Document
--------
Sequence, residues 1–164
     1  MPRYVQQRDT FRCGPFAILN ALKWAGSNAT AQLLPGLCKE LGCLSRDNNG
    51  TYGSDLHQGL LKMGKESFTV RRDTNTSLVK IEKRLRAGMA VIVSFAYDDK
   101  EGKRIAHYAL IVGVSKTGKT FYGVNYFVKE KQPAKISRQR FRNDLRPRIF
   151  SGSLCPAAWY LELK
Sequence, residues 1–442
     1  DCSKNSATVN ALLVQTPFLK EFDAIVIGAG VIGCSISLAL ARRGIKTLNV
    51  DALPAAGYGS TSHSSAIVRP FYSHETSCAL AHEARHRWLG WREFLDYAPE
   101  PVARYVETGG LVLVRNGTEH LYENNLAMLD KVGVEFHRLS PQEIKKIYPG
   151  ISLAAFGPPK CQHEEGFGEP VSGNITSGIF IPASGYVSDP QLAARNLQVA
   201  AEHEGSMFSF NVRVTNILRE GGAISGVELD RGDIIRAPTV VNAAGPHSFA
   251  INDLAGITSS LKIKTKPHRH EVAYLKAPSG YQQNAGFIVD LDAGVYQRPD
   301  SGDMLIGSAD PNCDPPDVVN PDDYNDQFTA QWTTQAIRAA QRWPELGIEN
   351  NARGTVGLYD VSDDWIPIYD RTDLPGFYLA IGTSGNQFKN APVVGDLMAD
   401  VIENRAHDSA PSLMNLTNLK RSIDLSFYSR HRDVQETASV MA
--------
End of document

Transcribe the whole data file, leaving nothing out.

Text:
Sequence, residues 1–164
     1  MPRYVQQRDT FRCGPFAILN ALKWAGSNAT AQLLPGLCKE LGCLSRDNNG
    51  TYGSDLHQGL LKMGKESFTV RRDTNTSLVK IEKRLRAGMA VIVSFAYDDK
   101  EGKRIAHYAL IVGVSKTGKT FYGVNYFVKE KQPAKISRQR FRNDLRPRIF
   151  SGSLCPAAWY LELK
Sequence, residues 1–442
     1  DCSKNSATVN ALLVQTPFLK EFDAIVIGAG VIGCSISLAL ARRGIKTLNV
    51  DALPAAGYGS TSHSSAIVRP FYSHETSCAL AHEARHRWLG WREFLDYAPE
   101  PVARYVETGG LVLVRNGTEH LYENNLAMLD KVGVEFHRLS PQEIKKIYPG
   151  ISLAAFGPPK CQHEEGFGEP VSGNITSGIF IPASGYVSDP QLAARNLQVA
   201  AEHEGSMFSF NVRVTNILRE GGAISGVELD RGDIIRAPTV VNAAGPHSFA
   251  INDLAGITSS LKIKTKPHRH EVAYLKAPSG YQQNAGFIVD LDAGVYQRPD
   301  SGDMLIGSAD PNCDPPDVVN PDDYNDQFTA QWTTQAIRAA QRWPELGIEN
   351  NARGTVGLYD VSDDWIPIYD RTDLPGFYLA IGTSGNQFKN APVVGDLMAD
   401  VIENRAHDSA PSLMNLTNLK RSIDLSFYSR HRDVQETASV MA